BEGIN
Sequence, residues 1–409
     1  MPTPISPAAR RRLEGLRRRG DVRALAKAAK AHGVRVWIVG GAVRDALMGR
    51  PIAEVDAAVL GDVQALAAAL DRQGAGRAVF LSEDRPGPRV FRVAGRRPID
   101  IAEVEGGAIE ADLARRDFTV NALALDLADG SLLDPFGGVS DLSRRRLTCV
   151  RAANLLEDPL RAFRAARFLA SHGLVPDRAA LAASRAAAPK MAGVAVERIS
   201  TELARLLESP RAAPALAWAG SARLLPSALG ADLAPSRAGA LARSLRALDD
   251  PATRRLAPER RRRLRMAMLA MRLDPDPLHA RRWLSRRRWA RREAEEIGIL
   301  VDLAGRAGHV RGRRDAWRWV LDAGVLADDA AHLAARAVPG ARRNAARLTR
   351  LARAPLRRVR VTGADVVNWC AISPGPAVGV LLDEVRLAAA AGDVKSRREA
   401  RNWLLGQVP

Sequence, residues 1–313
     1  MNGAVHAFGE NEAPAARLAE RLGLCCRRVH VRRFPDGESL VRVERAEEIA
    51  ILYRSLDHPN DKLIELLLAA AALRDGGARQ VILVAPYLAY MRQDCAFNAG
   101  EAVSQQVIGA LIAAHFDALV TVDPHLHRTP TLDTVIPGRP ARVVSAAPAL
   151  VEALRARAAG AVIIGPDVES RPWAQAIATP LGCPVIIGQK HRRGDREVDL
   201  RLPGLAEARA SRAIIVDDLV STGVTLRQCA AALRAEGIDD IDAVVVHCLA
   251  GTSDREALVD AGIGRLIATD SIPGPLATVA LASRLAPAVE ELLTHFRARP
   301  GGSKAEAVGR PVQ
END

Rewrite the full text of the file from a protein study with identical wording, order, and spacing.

Sequence, residues 1–409
     1  MPTPISPAAR RRLEGLRRRG DVRALAKAAK AHGVRVWIVG GAVRDALMGR
    51  PIAEVDAAVL GDVQALAAAL DRQGAGRAVF LSEDRPGPRV FRVAGRRPID
   101  IAEVEGGAIE ADLARRDFTV NALALDLADG SLLDPFGGVS DLSRRRLTCV
   151  RAANLLEDPL RAFRAARFLA SHGLVPDRAA LAASRAAAPK MAGVAVERIS
   201  TELARLLESP RAAPALAWAG SARLLPSALG ADLAPSRAGA LARSLRALDD
   251  PATRRLAPER RRRLRMAMLA MRLDPDPLHA RRWLSRRRWA RREAEEIGIL
   301  VDLAGRAGHV RGRRDAWRWV LDAGVLADDA AHLAARAVPG ARRNAARLTR
   351  LARAPLRRVR VTGADVVNWC AISPGPAVGV LLDEVRLAAA AGDVKSRREA
   401  RNWLLGQVP

Sequence, residues 1–313
     1  MNGAVHAFGE NEAPAARLAE RLGLCCRRVH VRRFPDGESL VRVERAEEIA
    51  ILYRSLDHPN DKLIELLLAA AALRDGGARQ VILVAPYLAY MRQDCAFNAG
   101  EAVSQQVIGA LIAAHFDALV TVDPHLHRTP TLDTVIPGRP ARVVSAAPAL
   151  VEALRARAAG AVIIGPDVES RPWAQAIATP LGCPVIIGQK HRRGDREVDL
   201  RLPGLAEARA SRAIIVDDLV STGVTLRQCA AALRAEGIDD IDAVVVHCLA
   251  GTSDREALVD AGIGRLIATD SIPGPLATVA LASRLAPAVE ELLTHFRARP
   301  GGSKAEAVGR PVQ